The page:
The development of low-loss optical phase change materials (O-PCMs) promises to enable a plethora of nonvolatile integrated photonic applications. However, the relatively large optical constants change between different states of calls for a set of new design rationales. Here we report a non-perturbative design that enables low-loss device operation beyond the traditional figure-of-merit limit. The basic design rationale is to engineer the light propagation path through the OPCMs when it is in the low-loss amorphous state, and divert light away from the lossy crystalline state leveraging the large mode modification induced by the O-PCM phase transition. Following this approach, we demonstrate broadband photonic switches with significantly enhanced performances compared to current state-of-the-art.
Optical phase change materials (O-PCMs) are a unique class of materials which exhibit extraordinarily large optical property change (e.g. refractive index change > 1) when undergoing a solid-state phase transition. Traditional O-PCMs suffer from large optical losses even in their dielectric states, which fundamentally limits the performance of optical devices based on the materials. To resolve the issue, we have recently demonstrated a new O-PCM Ge-Sb-Se-Te (GSST) with broadband low loss characteristics. In this talk, we will review an array of reconfigurable photonic devices enabled by the low-loss O-PCM, including nonvolatile waveguide switches with unprecedented low-loss and high-contrast performance, free-space light modulators, bi-stable reconfigurable metasurfaces, and transient couplers facilitating waferscale device probing and characterizations.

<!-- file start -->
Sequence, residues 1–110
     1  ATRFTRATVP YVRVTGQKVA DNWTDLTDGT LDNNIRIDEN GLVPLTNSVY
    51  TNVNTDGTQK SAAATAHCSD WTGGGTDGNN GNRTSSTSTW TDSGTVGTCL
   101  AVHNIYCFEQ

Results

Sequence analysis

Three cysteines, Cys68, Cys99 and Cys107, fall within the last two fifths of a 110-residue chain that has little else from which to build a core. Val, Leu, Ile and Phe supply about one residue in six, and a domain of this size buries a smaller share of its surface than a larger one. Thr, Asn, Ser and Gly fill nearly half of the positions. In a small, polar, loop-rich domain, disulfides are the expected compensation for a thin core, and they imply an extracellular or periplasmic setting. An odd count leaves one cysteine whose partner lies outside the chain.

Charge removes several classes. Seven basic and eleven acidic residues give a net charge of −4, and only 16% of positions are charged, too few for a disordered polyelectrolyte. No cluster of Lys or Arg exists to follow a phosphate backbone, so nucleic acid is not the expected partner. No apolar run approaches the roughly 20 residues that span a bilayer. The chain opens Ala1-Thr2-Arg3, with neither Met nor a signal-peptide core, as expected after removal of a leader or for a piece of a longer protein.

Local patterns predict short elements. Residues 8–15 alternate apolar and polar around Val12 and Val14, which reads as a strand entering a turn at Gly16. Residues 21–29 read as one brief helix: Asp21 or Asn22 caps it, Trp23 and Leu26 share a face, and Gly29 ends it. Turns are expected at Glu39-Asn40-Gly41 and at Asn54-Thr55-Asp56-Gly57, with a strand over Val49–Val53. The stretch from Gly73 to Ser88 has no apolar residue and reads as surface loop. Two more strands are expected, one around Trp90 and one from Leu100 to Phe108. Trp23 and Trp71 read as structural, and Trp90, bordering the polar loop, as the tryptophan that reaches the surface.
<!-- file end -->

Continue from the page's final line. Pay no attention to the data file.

The dramatic optical property change of optical phase change materials (O-PCMs) between their amorphous and crystalline states potentially allows the realization of reconfigurable photonics devices with low power consumption, such as optical switches and routers, reconfigurable meta-optics, displays, and photonic memories. However, conventional O-PCMs, such as VO2 and Ge2Sb2Te5, are inherently plagued by their excessive optical losses even in dielectric states, limiting their optical performance and hence application space. In this talk, we present the development of a new group of O-PCMs and their implementations in novel photonic devices. Ge-Sb-Se-Te (GSST), obtained by partially substituting Te with Se in traditional GST alloys, feature unprecedented broadband optical transparency covering the telecommunication bands to LWIR. Capitalizing on the dramatically-enhanced optical performance, novel non-volatile, reconfigurable on-chip photonics devices and architectures are demonstrated. GSST-integrated Si photonics based on the material innovation and novel “non-perturbative” designs exhibit significantly improved switching performance over state-of-the-art GST-based approaches. The technology is further scalable to realize non-blocking matrix switches with arbitrary network complexity, paving the path towards high performance reconfigurable photonics chips.